When I was growing up, if you wanted to buy a bottle of olive oil – or “salad oil,” as they often called it in those days – you’d better live in a big city with a thriving Italian neighborhood because otherwise you weren’t going to find any in your local supermarket. And there was no Internet back then, kiddies.
Nowadays, the places I shop have so many shapes, sizes, and varieties of olive oil that they practically fall off the shelves. One of my favorite markets even has an olive oil tasting bar set up where you can sample the various wares before you make a purchase.
All because a few years ago somebody let slip the secret that Mediterranean cultures have known for centuries: olive oil is good for you.
Now, I’m gonna do us all a favor and not do a twenty page in depth study on olive oil, although I easily could. I could go on and on about the olive, or olea europaea, in its Italian, Spanish, Tunisian, or Greek varieties. You can also find them in Israel, Palestine, South Africa, Peru, Argentina, Australia, New Zealand, and good old California, USA.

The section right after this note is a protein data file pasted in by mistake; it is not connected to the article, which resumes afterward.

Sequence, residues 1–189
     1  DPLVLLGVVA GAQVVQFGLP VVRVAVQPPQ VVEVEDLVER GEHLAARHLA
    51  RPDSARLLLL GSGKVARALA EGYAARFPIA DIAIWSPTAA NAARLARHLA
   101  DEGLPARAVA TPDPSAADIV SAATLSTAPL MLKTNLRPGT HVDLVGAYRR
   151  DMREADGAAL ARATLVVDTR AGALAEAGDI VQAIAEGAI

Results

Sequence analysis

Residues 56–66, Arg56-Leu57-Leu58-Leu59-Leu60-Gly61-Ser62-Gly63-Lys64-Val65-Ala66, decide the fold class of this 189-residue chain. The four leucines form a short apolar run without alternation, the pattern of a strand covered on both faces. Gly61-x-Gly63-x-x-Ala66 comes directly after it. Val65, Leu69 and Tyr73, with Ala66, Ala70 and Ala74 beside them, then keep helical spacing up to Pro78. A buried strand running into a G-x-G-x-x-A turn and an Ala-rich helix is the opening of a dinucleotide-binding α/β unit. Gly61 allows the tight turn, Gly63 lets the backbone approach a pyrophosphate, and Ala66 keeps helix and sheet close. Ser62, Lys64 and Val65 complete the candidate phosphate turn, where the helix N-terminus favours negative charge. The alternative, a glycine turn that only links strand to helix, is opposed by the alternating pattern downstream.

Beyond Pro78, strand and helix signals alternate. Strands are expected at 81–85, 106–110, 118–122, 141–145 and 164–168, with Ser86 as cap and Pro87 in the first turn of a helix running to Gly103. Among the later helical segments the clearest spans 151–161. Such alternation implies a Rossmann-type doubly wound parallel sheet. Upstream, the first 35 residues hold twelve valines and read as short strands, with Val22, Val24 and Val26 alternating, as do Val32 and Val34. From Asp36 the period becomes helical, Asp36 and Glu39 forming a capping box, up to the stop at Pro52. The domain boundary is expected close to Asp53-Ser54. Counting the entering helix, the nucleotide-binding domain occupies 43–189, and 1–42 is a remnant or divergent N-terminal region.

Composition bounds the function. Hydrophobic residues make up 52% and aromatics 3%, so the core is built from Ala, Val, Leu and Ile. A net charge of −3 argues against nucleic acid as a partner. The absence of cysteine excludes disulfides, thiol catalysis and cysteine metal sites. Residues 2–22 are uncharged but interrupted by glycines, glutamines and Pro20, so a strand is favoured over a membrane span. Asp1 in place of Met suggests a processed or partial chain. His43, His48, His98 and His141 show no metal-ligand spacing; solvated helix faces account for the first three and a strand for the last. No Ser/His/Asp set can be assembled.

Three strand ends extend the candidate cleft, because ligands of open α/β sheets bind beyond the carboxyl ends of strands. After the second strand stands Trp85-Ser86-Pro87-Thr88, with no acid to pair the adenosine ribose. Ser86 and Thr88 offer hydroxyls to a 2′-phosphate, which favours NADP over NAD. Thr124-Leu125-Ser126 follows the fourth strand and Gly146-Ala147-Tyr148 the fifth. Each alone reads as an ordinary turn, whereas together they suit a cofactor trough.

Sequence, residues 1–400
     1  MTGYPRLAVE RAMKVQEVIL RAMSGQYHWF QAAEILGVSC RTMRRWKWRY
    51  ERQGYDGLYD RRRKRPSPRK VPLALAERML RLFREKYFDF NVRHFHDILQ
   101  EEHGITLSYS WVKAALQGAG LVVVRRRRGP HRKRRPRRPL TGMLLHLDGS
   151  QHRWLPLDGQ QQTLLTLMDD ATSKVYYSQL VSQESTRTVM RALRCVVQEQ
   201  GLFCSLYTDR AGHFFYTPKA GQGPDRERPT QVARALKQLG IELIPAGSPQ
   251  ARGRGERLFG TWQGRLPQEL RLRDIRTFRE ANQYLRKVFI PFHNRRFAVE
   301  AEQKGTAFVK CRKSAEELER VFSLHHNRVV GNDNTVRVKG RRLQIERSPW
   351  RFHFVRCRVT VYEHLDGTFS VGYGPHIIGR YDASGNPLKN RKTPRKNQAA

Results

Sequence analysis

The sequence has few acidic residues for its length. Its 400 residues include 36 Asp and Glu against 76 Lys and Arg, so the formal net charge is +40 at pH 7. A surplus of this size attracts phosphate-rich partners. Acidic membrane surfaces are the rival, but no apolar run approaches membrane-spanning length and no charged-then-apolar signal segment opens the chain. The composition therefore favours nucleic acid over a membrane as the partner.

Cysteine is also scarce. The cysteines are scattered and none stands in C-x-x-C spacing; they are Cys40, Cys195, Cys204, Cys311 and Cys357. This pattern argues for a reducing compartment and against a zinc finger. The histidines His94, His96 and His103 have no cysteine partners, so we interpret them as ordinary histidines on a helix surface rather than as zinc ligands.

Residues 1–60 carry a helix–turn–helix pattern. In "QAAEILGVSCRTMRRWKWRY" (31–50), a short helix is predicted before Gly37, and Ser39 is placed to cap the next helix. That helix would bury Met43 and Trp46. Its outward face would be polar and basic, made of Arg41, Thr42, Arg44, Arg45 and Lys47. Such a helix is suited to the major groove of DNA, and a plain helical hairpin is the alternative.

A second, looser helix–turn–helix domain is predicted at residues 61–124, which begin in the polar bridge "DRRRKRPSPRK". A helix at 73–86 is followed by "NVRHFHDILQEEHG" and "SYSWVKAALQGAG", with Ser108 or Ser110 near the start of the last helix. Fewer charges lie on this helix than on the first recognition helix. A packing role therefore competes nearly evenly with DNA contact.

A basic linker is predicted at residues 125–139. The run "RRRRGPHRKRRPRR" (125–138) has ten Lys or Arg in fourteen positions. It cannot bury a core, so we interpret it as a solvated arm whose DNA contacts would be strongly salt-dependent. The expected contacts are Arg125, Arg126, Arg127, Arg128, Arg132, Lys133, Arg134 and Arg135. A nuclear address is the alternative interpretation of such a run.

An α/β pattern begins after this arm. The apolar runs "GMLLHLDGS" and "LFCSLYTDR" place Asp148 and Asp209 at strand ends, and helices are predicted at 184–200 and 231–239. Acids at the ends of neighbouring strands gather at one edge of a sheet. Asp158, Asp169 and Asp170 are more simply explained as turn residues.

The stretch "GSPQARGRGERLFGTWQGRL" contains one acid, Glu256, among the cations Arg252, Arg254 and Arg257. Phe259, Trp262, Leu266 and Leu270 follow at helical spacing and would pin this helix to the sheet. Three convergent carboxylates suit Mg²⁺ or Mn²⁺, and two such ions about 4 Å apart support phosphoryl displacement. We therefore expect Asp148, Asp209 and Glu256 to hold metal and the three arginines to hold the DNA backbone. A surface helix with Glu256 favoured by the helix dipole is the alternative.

So let’s just do a quick, down-and-dirty guide to supermarket olive oil, okay?
First things first: how do you choose a good quality olive oil?
In my totally biased opinion, the best olive oil comes from Italy. Contrary to popular thought, Italy is not the world’s largest producer of olive oil. Spain is. Italy’s production is actually fairly modest, but it has the distinction of being the world’s largest exporter of olive oil. Now, I’ve been writing a lot about authentic Italian food products lately and how consumers can identify them. There are no fewer than forty varieties of olive oil that are produced in Italy and have been afforded PDO (or DOP if you’re using the Italian translation) protection.
You won’t find many of these on your average American supermarket shelf. Mostly because they’re really expensive. Instead, you’re going to see one of two labels: “Product of Italy” or “Packed in Italy.” The former means the oil was bottled in Italy using exclusively Italian olives. Sometimes you’ll find an IGP seal on some of these bottles.